The play field position of the ball hit by the batter 8 can be calculated also in the following manner. The area sensor 2 detects the position of the ball thrown by the pitching machine 3, and the position of the ball hit by the batter 8. Since the position of the thrown ball in the area sensor 2 corresponds approximately to the hitting position of the ball r, the direction of the ball based on the angle of the hit ball can be calculated on the basis of the two positions (thrown ball position and hit ball position) of the ball in the area sensor 2. The hit speed of the ball can be calculated on the basis of the length of time when the hit ball passes through the two area sensors 10, 11 in the above manner.
In general, wiring of the area sensors 10, 11 tends to get complicated when they are connected one by one. In order to simplify the wiring and to reduce the number of counters to measure the time when a ball goes through the sensors 10, 11, the wiring of the sensors 10, 11 is, as shown in FIG. 5, divided into three groups, two of which are connected in series.
The sensor wiring is divided into three groups as follows:
A Group (separate wiring)
Element 1, 3, 5, 7, - - -
B Group (serial wiring)
Element 2, 6, 10, - - -
C Group (serial wiring)
Element 4, 8, 12, - - -
As shown in FIG. 5, when a ball goes through two sensors (elements) 3, 4, the center of the ball can be measured accurately by comparing the times of interception of elements 3, 4 with each other. As the sensor elements in A Group are installed every other sensor element, a ball must be detected only by one of the separate sensor elements in A Group. The sensor elements in A group are connected to an A group sensor detector 100 and a counter 101, and the sensor elements in B and C Groups are connected in serial to a counter 102 and a right or left judging circuit 103 for judging which Group element (B Group or C Group) detects the ball. In FIG. 5, a sensor element 4 detects the ball and the sensor element 4 belongs to C Group. The right or left judging circuit 103 judges that a certain sensor element in C Group detects the ball. At this time, since the A Group sensor detector 100 detects that the sensor element 3 in A Group is operating, the right or left circuit 103 detects that the right sensor element 4 of the sensor element 3 in C Group is operating. In this manner, the center of the ball is accurately detected.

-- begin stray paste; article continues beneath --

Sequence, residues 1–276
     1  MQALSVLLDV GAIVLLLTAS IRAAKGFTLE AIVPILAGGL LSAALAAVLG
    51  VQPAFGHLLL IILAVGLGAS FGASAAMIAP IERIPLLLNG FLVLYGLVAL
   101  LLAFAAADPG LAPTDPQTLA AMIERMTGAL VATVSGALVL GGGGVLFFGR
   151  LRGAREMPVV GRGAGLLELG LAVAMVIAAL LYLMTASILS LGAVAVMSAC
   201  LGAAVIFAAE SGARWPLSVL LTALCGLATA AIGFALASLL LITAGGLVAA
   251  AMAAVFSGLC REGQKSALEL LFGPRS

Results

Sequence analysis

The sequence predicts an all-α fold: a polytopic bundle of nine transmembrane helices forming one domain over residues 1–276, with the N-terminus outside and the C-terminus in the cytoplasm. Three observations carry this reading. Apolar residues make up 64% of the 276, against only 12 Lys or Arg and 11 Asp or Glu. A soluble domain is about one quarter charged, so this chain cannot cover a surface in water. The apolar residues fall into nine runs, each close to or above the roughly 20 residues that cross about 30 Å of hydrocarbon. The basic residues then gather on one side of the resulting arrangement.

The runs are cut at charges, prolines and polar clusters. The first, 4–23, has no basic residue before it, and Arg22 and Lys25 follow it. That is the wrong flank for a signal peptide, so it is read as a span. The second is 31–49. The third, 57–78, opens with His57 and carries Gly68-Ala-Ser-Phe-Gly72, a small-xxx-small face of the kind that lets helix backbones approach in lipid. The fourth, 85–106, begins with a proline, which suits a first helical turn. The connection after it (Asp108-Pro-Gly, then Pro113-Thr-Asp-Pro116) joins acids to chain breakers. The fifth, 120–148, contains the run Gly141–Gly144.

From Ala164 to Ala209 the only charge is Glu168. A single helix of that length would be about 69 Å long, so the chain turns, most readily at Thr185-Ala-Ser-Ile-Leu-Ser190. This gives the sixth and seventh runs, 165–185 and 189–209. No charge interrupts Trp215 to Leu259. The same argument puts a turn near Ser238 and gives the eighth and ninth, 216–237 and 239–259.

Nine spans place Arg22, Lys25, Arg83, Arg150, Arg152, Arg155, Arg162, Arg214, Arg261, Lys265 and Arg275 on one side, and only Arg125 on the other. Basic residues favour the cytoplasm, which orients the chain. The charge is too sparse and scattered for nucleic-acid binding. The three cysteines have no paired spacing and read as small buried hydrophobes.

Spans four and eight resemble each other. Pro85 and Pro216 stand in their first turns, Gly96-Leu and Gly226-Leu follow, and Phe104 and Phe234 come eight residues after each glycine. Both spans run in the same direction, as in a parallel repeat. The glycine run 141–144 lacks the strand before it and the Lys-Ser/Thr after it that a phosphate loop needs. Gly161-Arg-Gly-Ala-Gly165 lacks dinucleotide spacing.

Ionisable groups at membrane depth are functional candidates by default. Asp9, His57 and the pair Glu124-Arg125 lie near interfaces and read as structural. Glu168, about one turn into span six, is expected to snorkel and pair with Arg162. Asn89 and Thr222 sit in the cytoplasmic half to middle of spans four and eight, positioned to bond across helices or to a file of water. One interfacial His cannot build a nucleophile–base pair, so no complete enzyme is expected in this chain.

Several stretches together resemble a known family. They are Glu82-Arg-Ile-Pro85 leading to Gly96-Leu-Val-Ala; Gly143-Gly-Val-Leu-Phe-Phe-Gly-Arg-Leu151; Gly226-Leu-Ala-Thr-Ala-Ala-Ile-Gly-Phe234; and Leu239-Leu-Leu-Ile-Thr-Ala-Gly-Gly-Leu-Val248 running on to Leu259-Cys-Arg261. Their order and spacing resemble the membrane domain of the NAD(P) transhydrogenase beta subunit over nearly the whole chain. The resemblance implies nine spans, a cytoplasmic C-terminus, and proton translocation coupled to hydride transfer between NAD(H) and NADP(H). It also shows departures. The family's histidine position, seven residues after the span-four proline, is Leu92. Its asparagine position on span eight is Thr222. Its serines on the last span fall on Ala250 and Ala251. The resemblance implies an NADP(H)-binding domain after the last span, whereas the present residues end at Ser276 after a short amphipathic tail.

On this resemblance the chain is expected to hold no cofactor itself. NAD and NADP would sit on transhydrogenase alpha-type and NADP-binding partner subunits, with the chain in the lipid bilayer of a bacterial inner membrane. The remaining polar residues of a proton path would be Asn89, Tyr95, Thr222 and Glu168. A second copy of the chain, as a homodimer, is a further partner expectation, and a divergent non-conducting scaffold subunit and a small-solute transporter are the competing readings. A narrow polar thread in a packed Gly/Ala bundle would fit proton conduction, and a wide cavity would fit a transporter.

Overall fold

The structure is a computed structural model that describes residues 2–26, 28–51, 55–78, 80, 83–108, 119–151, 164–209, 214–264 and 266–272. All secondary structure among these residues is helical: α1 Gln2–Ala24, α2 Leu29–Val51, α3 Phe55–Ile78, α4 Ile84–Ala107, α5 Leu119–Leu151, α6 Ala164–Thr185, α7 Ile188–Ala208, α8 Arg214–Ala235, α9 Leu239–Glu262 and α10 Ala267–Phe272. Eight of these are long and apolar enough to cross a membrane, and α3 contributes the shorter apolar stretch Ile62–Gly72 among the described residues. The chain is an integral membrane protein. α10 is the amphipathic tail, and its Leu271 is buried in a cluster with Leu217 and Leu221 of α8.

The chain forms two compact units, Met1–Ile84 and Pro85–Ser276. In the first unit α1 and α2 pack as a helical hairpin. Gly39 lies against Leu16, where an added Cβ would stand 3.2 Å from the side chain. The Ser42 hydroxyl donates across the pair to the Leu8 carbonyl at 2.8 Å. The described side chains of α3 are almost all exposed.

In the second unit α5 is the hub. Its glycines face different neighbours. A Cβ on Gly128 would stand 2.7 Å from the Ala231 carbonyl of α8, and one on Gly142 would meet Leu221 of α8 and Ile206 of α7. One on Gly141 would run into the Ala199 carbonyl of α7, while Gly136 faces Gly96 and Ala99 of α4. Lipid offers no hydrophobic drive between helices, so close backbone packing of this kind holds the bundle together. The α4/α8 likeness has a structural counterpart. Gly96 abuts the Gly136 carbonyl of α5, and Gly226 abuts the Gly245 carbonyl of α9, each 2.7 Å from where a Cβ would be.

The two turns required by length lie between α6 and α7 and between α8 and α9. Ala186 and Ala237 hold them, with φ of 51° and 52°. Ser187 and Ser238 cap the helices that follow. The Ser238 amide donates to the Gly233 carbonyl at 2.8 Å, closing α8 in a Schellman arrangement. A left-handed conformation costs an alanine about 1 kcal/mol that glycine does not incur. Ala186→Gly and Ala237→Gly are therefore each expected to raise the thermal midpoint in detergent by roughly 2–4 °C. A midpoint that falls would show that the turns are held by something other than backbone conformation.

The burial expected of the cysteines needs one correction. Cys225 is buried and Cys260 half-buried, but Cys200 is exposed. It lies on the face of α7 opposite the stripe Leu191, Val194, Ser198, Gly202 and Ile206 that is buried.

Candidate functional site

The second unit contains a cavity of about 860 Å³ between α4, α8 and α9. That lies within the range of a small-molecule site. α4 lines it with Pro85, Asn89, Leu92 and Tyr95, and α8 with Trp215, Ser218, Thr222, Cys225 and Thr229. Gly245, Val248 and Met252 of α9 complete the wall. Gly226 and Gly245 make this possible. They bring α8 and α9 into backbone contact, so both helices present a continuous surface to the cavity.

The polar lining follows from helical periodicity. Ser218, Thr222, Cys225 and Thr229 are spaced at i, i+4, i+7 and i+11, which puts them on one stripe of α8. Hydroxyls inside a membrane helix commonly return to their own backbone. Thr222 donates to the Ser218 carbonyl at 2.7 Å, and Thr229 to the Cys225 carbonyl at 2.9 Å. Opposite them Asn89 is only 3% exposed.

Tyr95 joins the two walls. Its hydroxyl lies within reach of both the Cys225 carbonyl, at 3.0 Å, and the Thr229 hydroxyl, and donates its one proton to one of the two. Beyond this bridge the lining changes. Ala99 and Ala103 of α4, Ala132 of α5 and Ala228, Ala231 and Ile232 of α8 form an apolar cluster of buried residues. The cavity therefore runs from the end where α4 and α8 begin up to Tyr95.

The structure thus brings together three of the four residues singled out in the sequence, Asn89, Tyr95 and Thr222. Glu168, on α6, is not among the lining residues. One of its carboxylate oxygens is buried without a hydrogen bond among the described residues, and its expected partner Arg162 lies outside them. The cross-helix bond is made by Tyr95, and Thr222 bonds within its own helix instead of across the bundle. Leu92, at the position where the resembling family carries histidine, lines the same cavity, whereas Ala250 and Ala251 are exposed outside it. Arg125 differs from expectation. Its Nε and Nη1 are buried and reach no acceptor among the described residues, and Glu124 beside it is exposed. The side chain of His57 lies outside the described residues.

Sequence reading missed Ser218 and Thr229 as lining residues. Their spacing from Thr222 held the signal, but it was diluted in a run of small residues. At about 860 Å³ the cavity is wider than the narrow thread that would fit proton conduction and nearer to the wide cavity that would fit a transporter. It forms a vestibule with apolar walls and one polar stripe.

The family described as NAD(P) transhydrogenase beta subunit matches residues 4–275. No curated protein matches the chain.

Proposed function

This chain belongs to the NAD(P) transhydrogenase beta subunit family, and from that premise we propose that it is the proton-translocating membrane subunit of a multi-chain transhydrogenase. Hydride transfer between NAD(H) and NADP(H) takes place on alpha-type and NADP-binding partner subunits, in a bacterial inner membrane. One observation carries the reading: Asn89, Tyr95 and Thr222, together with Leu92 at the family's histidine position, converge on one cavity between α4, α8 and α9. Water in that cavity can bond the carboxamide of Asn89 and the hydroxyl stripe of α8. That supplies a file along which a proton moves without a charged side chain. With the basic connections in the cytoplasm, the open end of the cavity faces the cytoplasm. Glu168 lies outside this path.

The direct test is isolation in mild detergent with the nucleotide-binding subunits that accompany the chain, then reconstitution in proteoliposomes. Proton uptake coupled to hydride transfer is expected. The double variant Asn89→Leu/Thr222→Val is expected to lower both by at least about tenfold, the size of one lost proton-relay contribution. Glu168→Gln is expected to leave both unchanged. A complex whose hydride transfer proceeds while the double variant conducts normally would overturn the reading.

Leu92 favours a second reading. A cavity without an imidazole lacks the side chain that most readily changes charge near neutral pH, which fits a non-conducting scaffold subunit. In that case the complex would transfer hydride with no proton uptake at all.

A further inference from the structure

In FIG. 1, there are two homerun targets A, B on the backwall behind the pitching units U in the stadium S. In FIG. 2, the area sensors 10, 11 can detect the position approximately in the stadium of the ball hit by the batter 8, and, therefore, the controller 16 memorizes who has hit a homerun. A gift may be given to a homerun batter.
The above pitched ball height sensor 12 has, as shown in FIG. 6, a frame 12 a in the form of a gate. The sensor 12 functions as a ball position determining device for determining the position of a ball desired by a player. One vertical frame has a plurality of infrared ray emitting elements H1, H2, - - - H4 at a predetermined pitch, and the other opposite vertical frame has a plurality of infrared ray receiving elements h1, h2, - - - h4 corresponding to the infrared ray emitting elements, respectively. When the batter 8 holds his bat 30 in the frame at a certain height he wishes, his bat 30 blacks off a certain infrared ray with his bat 30, and his desired height position is sent to the pitching machine 3 to adjust the machine to his desired height position. That is, the pitching machine 3 has a table 31 (FIG. 2) which is supported by a shaft 32. The shaft 32 is engaged with a base 33 so as to be moved upward and downward by a step motor (not shown). The table 31, the shaft 32, and the step motor, etc., function as a ball feeding position adjustment means. It is also possible to change the height of pitched ball at random by using a computer.